Comparative cytogenetic analysis of dog and human choroid plexus tumors defines syntenic regions of genomic loss

Research output: Contribution to journalArticlepeer-review

1 Scopus citations


Choroid plexus tumors (CPTs) occur spontaneously in humans and dogs providing an opportunity for comparative cross species analysis of common tumor mechanisms. Large scale chromosomal copy number alterations are the hallmark of human CPTs and identification of driver genes within these regions is problematic. Copy number alterations in 12 spontaneous dog CPTs were defined using an Illumina 170K single nucleotide polymorphism array and were characterized by highly recurrent whole chromosomal losses in up to 100% of cases with few chromosome wide gains. Loss of canine chromosomes 2, 5, 8, and 20 were seen in 90%-100% of cases and included regions syntenic to loci within commonly reported whole chromosome losses in human choroid plexus tumors. These regions included previously defined tumor suppressor clusters on chromosome 3p and 17p as well as genes associated with chromosomal instability such as TP53 and VHL. This karyotypic signature is similar to a previously defined hypodiploid subgroup of human choroid plexus carcinomas. The nonrandom, highly recurrent alterations in dog CPTs suggest specific selection pressures and oncogenic mechanisms are present. More extensive analysis of this spontaneous tumor model is warranted and may provide key insights into driver mechanisms common to both species.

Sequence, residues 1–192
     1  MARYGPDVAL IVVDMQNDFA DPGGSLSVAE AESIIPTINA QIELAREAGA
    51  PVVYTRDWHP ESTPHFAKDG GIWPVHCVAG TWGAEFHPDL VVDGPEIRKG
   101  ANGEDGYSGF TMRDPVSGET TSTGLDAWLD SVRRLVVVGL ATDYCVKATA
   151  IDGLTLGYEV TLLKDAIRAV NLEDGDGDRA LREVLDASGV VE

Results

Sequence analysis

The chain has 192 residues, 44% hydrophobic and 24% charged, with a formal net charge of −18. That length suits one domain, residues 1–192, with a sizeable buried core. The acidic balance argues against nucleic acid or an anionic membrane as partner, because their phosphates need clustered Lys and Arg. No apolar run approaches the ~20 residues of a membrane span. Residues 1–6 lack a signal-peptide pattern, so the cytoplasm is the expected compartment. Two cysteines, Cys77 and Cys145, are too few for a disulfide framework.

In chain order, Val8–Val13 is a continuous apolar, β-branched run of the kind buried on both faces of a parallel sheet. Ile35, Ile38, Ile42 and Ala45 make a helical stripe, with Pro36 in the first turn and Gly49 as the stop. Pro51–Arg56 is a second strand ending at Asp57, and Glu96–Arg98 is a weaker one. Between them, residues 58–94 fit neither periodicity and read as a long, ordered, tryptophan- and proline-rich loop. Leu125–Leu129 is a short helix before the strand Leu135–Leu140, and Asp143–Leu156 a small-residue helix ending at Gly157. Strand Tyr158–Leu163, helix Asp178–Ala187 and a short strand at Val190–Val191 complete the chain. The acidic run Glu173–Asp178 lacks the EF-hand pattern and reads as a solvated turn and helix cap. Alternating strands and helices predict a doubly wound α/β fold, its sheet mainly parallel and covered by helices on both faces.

Original languageEnglish (US)
Pages (from-to)413-419
Number of pages7
JournalJournal of Neuropathology and Experimental Neurology
Issue number5
StatePublished - May 1 2018


  • Brain tumor
  • Canine
  • Choroid plexus tumor
  • Copy number alteration
  • Single nucleotide polymorphism (SNP)

ASJC Scopus subject areas

  • Pathology and Forensic Medicine
  • Neurology
  • Clinical Neurology
  • Cellular and Molecular Neuroscience


Dive into the research topics of 'Comparative cytogenetic analysis of dog and human choroid plexus tumors defines syntenic regions of genomic loss'. Together they form a unique fingerprint.

Cite this